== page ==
From: Daniel Burfoot (firstname.lastname@example.org)
Date: Thu Dec 07 2006 - 02:37:13 MST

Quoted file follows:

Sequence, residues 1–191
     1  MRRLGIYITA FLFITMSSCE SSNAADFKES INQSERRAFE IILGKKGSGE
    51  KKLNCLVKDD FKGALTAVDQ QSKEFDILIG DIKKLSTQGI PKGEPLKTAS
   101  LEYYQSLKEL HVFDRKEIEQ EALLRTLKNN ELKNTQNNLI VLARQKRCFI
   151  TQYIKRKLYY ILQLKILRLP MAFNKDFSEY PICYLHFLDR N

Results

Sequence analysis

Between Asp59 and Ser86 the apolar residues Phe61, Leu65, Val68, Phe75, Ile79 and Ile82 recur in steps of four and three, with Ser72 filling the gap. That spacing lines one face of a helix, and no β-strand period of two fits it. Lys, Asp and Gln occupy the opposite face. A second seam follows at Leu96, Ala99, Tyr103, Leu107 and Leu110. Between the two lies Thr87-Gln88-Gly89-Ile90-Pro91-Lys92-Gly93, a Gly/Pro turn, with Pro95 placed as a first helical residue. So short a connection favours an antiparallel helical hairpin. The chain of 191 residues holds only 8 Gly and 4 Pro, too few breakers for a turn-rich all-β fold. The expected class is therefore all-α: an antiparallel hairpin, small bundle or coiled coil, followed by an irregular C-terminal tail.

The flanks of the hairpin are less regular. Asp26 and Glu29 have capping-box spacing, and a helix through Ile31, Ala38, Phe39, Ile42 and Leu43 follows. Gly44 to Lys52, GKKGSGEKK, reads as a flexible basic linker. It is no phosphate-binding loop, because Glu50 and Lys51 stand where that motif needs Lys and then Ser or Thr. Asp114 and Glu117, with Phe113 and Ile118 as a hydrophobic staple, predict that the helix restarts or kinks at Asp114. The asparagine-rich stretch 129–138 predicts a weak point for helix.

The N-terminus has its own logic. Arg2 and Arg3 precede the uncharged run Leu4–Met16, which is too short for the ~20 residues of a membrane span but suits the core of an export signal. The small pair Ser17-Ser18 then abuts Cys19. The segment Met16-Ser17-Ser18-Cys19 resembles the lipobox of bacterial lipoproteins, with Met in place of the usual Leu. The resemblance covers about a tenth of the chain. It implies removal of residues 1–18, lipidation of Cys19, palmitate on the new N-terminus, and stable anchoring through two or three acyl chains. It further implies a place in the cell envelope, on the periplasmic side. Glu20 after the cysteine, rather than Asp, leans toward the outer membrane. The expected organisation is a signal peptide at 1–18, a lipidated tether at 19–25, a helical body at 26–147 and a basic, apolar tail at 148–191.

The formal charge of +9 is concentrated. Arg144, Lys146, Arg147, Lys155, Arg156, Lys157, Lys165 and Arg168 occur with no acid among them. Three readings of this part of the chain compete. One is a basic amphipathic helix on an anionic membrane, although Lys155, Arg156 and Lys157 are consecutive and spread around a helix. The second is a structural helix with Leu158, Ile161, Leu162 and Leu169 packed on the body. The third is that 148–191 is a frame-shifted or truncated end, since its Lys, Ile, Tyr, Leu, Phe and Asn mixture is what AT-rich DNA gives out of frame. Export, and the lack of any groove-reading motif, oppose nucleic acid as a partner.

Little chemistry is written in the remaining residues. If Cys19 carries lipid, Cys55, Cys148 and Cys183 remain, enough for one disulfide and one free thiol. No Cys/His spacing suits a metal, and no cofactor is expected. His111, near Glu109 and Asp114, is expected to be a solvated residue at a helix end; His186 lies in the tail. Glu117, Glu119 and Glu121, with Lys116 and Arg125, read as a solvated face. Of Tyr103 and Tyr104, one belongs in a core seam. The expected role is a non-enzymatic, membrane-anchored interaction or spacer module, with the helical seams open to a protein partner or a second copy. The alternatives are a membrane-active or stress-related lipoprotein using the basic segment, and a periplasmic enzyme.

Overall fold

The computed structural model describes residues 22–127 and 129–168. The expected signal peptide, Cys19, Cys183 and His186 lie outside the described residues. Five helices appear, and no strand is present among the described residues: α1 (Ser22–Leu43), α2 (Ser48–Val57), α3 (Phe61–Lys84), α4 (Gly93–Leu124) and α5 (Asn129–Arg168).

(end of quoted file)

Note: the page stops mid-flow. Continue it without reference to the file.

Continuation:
Hello all, I have been lurking on this list for a while. I wanted to comment on this thread so I figured I would introduce myself in the same message. About me: I am also a beginning PhD student, at University of Tokyo. I am primarily interested in what has been referred to as "cognitive AI" or neuroscience-inspired AI. My group at Tokyo works on a field called "cognitive robotics". The main premise of this research is that intelligence cannot be understood without situating the agent within a body (personally, I think this is an interesting claim, but I am ambivalent about it's stronger interpretations). This research was primarily inspired by Rodney Brooks. I just finished an MSc on discrete planning, which basically convinced me that GOFAI is not the way to go. I now think the main part of the Answer has to do with neural self-organization. So, I am interested in the information processing properties of self-organizing systems. On the topic of good knowledge to have, here are some people and ideas I find interesting/inspiring: Linsker (properties of neural systems self-organizing using Hebb's rule)Hinton/Dayan (unsupervised neural networks)Vapnik (statistical learning theory)Brooks (intelligence without reason/representation)Mumford/Grenander (pattern theory, in particular Lee-Mumford "Hierarchical Bayesian inference in Visual Cortex")Viola/Jones (robust object recognition)Kaplan/Oudeyer/Steels (autotelic principle/progress drive)Hawkins (neural prediction, universal principles of learning) I wonder what other people think of the above list? My question: Following Ben's comment about his colleague who did his PhD while working for Novamente, can anyone formulate a specific question related to FAI that could plausibly be answered by a PhD thesis? In other words, what do people think are the well-defined problems (I am specifically interested in questions relating to the above topics, but feel that precise questions are generally Good Things)-Dan Burfoot> Date: Wed, 6 Dec 2006 23:36:26 -0500> From: email@example.com> To: firstname.lastname@example.org> Subject: Re: Re: Re: What are useful for a phd?> > > A build-your-own PhD may result in an advisor who doesn't understand> > or care about your dissertation, and thus has no way of deciding when> > you are "done".> >> > Find a professor who has a grant, and a problem for you to work on.> > Work on it and graduate.> > Better yet, get an MS, get a job, be given a real problem to work on,> > and use it for your dissertation.> > Phil, I feel your advice is overly cynical!!!> > For instance, Moshe Looks (who works with me on Novamente), is just> now wrapping up his PhD at Washington University (in CS). What he> did was:> > -- fund his PhD via working on a professor's research grant, i.e.> working in their lab part of each week on some narrow-AI research> > -- do a PhD thesis on a topic of his own choice, closely tied to the> Novamente AGI system but also with more academically acceptable> narrow-AI aspects (see www. metacog.org)> > In terms of coursework, he took mostly CS courses as expected but also> got permission to do some cog sci courses in the psychology> department.> > His adviser is not extremely expert in his thesis area but is a> lateral thinker, and was happy to supervise his thesis anyway. His> thesis committee includes a number of outsiders including myself and a> couple folks from universities other than Wash. U.> > The point is, there actually is some flexibility in the graduate> education system, if you find the right people and convince them you> are capable of independent work and learning.> > I am not in love with contemporary academia by any means, but Phil,> you seem to be overstating the case against it ;-)> > -- Ben G
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